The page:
Supreme Court rejects restaurant group bid
to suspend City health care mandate
By Julia Cheever
February 22, 2008
A bid by a restaurant owners' group to halt a mandate for businesses
to help pay for the city of San Francisco's health plan was turned
down by a U.S. Supreme Court justice yesterday.
Justice Anthony Kennedy declined to grant the Golden Gate Restaurant
for suspension of the employer spending mandate until an appeal
Justice Anthony Kennedy
Photo courtesy Academy
The employer contributions are intended to pay for part of the
city's pioneering Healthy San Francisco Program, aimed at providing
health care for 73,000 uninsured residents. Other funding is from
city, state and federal governments.
Kennedy's action may make little immediate difference, because
the contribution requirement doesn't kick in until April 30 in
the case of businesses with more than 50 workers and July 30 for
employers with 20 to 49 workers.
A federal appeals court in San Francisco is scheduled to hold
a hearing on April 17 on an underlying lawsuit in which the restaurant
group is challenging the spending requirement.
The panel is expected to rule quickly, possibly by the April
30 spending deadline.
Matt Dorsey, a spokesman for San Francisco City Attorney Dennis
Herrera, said, "We're pleased with Justice Kennedy's order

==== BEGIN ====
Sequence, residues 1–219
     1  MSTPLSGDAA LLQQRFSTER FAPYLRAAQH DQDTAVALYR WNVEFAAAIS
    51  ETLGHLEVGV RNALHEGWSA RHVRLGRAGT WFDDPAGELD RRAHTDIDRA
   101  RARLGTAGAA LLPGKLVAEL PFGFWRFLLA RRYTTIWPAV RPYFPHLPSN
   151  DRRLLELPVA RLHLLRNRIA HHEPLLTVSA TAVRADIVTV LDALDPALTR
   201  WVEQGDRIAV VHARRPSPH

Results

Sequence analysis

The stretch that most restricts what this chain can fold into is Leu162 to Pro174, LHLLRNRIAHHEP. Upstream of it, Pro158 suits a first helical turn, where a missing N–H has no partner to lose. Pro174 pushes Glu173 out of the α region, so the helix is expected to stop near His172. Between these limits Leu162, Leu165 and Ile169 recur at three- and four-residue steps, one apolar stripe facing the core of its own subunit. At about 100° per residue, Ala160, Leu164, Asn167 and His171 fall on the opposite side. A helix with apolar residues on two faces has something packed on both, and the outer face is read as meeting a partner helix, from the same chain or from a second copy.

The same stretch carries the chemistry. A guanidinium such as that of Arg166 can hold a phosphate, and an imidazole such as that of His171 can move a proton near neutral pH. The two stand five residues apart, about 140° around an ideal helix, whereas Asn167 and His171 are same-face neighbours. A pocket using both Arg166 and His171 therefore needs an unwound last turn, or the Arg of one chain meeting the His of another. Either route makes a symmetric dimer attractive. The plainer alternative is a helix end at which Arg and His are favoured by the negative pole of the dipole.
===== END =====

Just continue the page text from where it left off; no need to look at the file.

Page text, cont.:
but at same time not especially surprised. We saw no irreparable
harm to the employers."
The employer spending is expected to contribute about $12 million
of the annual $200 million cost of the health program when it
is fully implemented in two years.
Businesses with 20 or more employees are required to spend a
set amount per worker on either their own health insurance program
or payments to the city. Those with 50 or more workers must spend
$1.76 per hour and those with 20 to 49 employees must spend $1.17
In previous court proceedings, U.S. District Judge Jeffrey White
ruled in December that the employer spending requirement violates
a U.S. law that regulates employee benefit plans.
But in January, a panel of the 9th U.S. Circuit Court of Appeals
issued an emergency stay allowing the city to go ahead with implementing
the requirement while it appeals the trial court ruling.
The restaurant group's unsuccessful petition to Kennedy asked
for a suspension of that stay. A spokesman for the group was not
immediately available for comment.